Koshiro: Yeah. Stuff like that was usually hashed out in random conversations with the developers. Someone would then code it right there on the spot, and if we liked it, we just went with it. (laughs)
Back then if you had an idea you wanted to try it, you just added it.
—Streets of Rage 2 has a large cast of characters. Who are your favorites, or the most memorable?
Koshiro: Hmm, who indeed? We made so many, I can’t remember them all now. I do remember that in the first Streets of Rage, Sega was saying it was a problem for the overseas market if females were being hit in the game. This time that wasn’t an issue. But I do remember them censoring the image of Mr. X in the final scene. I believe they removed the cigarette he was smoking.
Also, this might not be very related to Streets of Rage, but anything that was connected to religion was always a problem. If a window frame even looked too much like a crucifix, for instance, we’d be asked not to have enemies fight in front of it.
Our ideas for enemies started with how they would move.
Then we would add in different characters—tricky ones, ones with extra life—to fill in the gaps for variety.
—And did you have a favorite of those?
Koshiro: Hmm, maybe the kung fu enemies at the end? The black ones whose attacks are really strong, they’re almost like rivals for the player characters. Everyone loved reading the manga in Weekly Shounen Champion back then. We were into Baki and Kakugo no Susume, fighting comics like that. That stuff had a big influence on Streets of Rage 2… there’s a lot of manga references in there.
II. Working at Ancient
—But weren’t the schedules and deadlines harsh? I heard you only had half a year to work on SoR2?
Koshiro: Yeah, but I think the planning took less than a week. I believe we started it right around the time the first Streets of Rage was finished… so yeah, half a year? Something like that.
—This was Ancient’s first Megadrive game though, wasn’t it? I imagine getting the technical side down must have been very difficult in that timeframe.
Koshiro: Yeah, it worked out ok though. Probably because of the ace programmers we had. (laughs)
—Did they have Megadrive experience?
Koshiro: No, I think it was their first time. The programmers back then who were good were really good. Many of the outside subcontractors who assisted us were also very skilled. Ucchi-san (Kataru Uchimura, the main planner at Ancient from the beginning, who went on to make Story of Thor, Vatlva, and others) also joined the team at that time. Though I don’t think he was an official Ancient employee yet.
Basically I did the art design and planning, but the actual implementation and coding was handed off to others.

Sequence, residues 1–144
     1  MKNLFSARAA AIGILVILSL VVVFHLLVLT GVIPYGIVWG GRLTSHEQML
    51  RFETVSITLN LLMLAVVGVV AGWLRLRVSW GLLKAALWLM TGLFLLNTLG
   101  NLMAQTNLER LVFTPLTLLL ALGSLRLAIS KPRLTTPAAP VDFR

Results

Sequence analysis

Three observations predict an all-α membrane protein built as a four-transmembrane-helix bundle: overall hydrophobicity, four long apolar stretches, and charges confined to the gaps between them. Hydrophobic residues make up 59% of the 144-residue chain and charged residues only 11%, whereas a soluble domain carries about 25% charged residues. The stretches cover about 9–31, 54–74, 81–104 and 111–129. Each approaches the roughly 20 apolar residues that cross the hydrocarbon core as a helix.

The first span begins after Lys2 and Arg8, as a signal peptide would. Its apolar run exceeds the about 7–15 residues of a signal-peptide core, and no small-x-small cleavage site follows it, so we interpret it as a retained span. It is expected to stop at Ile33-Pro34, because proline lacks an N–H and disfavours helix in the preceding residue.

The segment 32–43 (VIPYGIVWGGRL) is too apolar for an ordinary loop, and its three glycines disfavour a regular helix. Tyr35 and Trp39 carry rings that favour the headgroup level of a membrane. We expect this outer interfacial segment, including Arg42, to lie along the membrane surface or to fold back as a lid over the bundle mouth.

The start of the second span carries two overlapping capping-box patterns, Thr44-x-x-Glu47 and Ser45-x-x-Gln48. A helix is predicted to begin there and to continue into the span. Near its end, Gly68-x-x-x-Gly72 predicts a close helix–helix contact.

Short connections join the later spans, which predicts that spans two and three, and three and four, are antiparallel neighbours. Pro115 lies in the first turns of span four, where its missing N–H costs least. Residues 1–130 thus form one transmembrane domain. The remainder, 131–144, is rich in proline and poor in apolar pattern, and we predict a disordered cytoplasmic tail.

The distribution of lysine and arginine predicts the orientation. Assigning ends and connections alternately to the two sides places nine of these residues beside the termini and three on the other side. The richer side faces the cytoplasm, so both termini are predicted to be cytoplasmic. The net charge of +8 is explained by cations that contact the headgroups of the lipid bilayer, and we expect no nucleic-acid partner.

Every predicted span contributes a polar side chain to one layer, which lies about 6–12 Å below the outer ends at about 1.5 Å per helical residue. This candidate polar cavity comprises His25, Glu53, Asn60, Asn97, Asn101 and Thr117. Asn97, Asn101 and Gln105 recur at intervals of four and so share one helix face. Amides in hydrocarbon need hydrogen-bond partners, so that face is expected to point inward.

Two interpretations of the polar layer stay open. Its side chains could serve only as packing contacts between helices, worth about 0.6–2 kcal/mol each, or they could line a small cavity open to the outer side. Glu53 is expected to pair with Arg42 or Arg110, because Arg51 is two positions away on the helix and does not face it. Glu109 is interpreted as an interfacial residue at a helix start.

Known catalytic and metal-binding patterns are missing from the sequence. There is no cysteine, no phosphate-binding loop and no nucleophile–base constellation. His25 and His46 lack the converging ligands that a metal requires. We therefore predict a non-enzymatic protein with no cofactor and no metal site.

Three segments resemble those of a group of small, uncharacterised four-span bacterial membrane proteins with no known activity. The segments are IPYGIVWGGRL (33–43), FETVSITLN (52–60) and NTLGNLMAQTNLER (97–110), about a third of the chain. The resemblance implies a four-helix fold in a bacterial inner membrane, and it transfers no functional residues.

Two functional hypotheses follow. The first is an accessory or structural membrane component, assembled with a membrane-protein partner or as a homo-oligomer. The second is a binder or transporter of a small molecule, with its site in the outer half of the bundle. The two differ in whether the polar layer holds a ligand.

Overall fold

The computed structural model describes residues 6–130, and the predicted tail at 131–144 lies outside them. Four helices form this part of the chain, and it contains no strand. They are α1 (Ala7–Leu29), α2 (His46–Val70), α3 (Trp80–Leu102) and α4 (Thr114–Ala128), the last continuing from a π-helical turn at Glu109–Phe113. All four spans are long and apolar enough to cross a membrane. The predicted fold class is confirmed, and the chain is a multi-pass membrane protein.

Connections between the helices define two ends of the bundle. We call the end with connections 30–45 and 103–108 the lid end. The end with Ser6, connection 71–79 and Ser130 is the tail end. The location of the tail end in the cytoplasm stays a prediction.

—It sounds like you were both Designer and Planner for SoR2.
Koshiro: Yeah, maybe so. I did a lot of the communication with Sega, attending meetings, acting as a go-between, etc.
During the development, it was kind of like, half my time was spent obsessing over vs. fighting games, and half was spent making Streets of Rage 2. The times had changed, and vs. fighting games were the big thing now, so I really wanted to include those elements in SoR2. I wanted it to have that rich variety.
I really wanted to include an expanded versus mode, but we ran out of time and couldn’t do it. I wanted there to be more variety to the moves.
—Without a varied moveset, a versus mode wouldn’t have been very exciting, yeah.
Koshiro: Yeah, I think so too.
—How many employees did Ancient have back then?
Koshiro: Hmm, good question. Permanent employees? Probably just me, my brother, one programmer, and one other person, I think?
We eventually added some more designers, but other than that it was all outside staff, probably 10 people on the development in total? It was 20 years ago so I can’t exactly remember, but probably something like that.
—What was the biggest challenge you set for yourself with SoR2?
Koshiro: Definitely adding those vs. fighting elements. Also, in Super Famicom games you saw all these crazy stages full of creative ideas. How much variety could we jam into these stages? I knew that was going to be a make-or-break thing.
We also added diagonal scrolling to SoR2. I knew I wanted to have something impressive for that first stage.
—I see. What did you come up with? I’m trying to remember stage 1…
Koshiro: We ended up not doing any big trap or stage feature, since it was the first stage, and it would be too sudden. Instead we put that diagonal scrolling section in a little after the opening, to surprise players.